When Lory Beth Snyder took her infant daughter, Lorelai, to the hospital for some breathing problems, she was worried for her baby’s health and hoped that the medical team would be able to help her.
But she certainly never thought that she’d have to worry about Lorelai’s safety.
That is, until she woke up in her daughter’s hospital room in the NEA Baptist Hospital in Jonesboro, Arkansas on August 5 and realized that her daughter was missing.
Snyder explained what had happened in a Facebook post, describing it as “the most terrifying thing that happened to [her] family.”
Snyder went on to explain that after settling her daughter in for a nap during their stay, she decided to rest as well. She had been the only one caring for the baby and was, understandably, exhausted.
“Neither of us had slept in quite a while, with all the chaos of a hospital, exams, blood work and other testing to find out what was wrong with her,” she explained. “So when I finally got her to rest, I myself laid down as well.”
But their afternoon nap turned into ugly when Snyder says she awoke about an hour later and discovered that her daughter was no longer in the room with her.
She went searching for Lorelai and eventually located her in another room, in the arms of a female patient, a woman named Ms. Harris, where a group of “six or seven” nurses were playing with Lorelai.
What Snyder describes next is chilling.
“I proceed to take Lorelai out of her arms. Even though she persisted that I return to my room, without Lorelai, she stated repeatedly that I needed to just go rest. I told her, no that I was fine and I would be taking my daughter back now.
I removed Lorelai from her arms, and the nurses who had been standing around gathered up her things, because along with taking Lorelai she also took my diaper bag (which had been emptied around her room), IV pole, and crib Lorelai was in sleeping in.”
Snyder relates that even after she returned to her room with Lorelai, three of the nurses and Ms. Harris followed the pair, insisting that the child was not in danger, that the nurses knew the patient, and that they “meant no harm.” Despite her protests, Snyder claims that Ms. Harris again insisted that she allow Lorelai to return to her own room so that Snyder could continue to rest.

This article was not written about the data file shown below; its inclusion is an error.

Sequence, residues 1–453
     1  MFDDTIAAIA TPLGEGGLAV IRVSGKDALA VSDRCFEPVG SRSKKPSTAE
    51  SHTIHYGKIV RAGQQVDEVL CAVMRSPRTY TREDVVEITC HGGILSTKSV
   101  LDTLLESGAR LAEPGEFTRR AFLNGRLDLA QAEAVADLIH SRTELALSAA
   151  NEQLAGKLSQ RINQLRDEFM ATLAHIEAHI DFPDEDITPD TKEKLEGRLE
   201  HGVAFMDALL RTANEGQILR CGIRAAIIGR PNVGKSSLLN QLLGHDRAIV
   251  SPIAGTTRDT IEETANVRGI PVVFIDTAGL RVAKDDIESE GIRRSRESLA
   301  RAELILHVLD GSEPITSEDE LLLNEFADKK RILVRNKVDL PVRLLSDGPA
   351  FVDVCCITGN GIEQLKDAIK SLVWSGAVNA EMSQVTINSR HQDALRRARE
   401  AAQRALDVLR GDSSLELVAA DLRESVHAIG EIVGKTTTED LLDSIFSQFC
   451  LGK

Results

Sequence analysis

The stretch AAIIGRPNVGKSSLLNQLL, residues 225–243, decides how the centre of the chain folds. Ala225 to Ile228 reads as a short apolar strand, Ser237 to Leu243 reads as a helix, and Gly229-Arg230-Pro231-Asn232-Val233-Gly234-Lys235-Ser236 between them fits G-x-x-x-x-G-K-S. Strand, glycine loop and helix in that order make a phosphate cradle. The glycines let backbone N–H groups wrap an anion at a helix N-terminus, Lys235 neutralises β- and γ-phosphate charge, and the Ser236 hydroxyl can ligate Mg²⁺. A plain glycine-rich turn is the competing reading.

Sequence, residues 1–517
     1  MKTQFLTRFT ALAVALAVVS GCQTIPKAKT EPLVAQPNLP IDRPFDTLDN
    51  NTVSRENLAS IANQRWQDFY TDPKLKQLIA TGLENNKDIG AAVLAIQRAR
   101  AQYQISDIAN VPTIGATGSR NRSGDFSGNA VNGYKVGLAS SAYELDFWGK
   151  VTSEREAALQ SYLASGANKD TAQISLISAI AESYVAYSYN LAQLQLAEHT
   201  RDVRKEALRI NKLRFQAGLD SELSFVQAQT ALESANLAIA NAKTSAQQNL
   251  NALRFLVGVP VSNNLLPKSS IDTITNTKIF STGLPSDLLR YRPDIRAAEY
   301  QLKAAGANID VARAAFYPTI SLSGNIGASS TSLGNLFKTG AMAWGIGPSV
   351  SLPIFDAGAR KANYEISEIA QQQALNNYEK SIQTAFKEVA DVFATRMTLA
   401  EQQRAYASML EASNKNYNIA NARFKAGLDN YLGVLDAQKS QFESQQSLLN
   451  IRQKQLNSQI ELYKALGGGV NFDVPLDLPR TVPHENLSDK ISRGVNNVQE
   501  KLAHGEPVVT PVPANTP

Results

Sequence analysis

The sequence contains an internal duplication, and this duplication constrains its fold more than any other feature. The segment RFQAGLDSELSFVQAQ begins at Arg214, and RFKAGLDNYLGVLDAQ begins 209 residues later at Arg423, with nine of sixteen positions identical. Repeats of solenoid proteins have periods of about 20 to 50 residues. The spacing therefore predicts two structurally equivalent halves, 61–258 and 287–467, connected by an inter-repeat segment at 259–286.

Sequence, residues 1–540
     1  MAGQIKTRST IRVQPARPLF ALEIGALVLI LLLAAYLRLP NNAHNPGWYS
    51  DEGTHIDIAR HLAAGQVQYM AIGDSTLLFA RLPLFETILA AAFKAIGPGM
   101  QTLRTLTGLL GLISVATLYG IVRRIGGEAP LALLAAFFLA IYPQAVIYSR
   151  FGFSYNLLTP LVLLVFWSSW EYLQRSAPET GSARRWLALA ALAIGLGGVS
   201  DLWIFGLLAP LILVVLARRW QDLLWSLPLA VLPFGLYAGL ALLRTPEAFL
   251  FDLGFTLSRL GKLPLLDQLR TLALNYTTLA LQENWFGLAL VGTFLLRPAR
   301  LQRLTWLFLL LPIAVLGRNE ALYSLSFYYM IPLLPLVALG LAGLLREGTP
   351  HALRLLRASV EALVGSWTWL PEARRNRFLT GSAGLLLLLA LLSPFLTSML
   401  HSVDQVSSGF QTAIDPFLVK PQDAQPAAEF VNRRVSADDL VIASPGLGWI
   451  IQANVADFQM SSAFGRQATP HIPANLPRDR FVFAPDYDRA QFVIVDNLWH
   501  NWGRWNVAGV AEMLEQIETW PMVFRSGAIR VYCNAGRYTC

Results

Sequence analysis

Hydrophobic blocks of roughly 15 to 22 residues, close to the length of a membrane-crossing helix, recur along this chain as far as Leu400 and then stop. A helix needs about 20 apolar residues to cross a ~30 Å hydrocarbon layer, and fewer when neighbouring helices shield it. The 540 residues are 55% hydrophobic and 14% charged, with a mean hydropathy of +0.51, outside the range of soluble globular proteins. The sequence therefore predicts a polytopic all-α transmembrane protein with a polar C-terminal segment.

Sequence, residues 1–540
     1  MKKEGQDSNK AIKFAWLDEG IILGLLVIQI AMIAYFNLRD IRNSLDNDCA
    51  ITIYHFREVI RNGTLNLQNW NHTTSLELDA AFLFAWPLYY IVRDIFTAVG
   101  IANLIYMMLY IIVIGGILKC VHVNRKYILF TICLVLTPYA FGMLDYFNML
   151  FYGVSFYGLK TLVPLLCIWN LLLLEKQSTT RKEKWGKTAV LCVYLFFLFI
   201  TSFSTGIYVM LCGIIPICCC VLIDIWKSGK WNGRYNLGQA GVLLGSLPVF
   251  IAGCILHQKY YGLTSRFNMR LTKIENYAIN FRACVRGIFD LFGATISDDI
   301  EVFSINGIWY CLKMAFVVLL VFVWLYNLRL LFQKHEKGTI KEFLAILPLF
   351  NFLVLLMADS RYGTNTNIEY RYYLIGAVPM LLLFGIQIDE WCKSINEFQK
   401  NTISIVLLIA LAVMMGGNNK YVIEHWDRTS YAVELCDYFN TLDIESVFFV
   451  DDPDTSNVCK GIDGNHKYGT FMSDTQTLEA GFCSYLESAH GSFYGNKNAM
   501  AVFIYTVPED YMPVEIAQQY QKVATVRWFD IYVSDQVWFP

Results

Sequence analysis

At that point, Snyder says the nurses had to remove Ms. Harris from her daughter’s room.
“After what felt like an eternity, the nurses returned to transfer us to ICU, so we were in a secure unit that had security,” she described.
And despite the strangeness of the situation and the nurses’ insistence that Ms. Harris meant no harm, Snyder was still very shaken up by the whole incident.
“While I honestly don’t know if Ms Harris’ intentions were noble, since she claims to of [sic] just been trying to care for Lorelai. I don’t know what she herself was ill with, something that could make my daughter sick. I don’t know anything! I don’t know what her actual intent with my child was. What she did with her. Or even how long she actually had her.”
When she contacted the Jonesboro Police Department, Snyder was surprised to discover that she could not actually press charges of any kind.
“[They] stated that no crime was committed because Harris didn’t ‘intend’ to rape or molest my child. Apparently anyone can take any child anywhere, and it’s not kidnapping as long as you don’t intend to harm the child. So says the law according to the Jonesboro PD.”
But Snyder does not agree with the technicality of the law when it comes to the safety of babies like hers, especially while being cared for in a hospital setting. “Whether or not the intent of harm was or was not there, a child should never be taken in the way in which my daughter was,” she says.
Lorelai, who was eventually diagnosed with a serious milk allergy and improved after switching her formula, is home and healthy now — but you can guarantee that her mother is holding her extra close these days.
“Thank the gods that [my] baby is safe. We were lucky. Many parents do not get as lucky as we have.”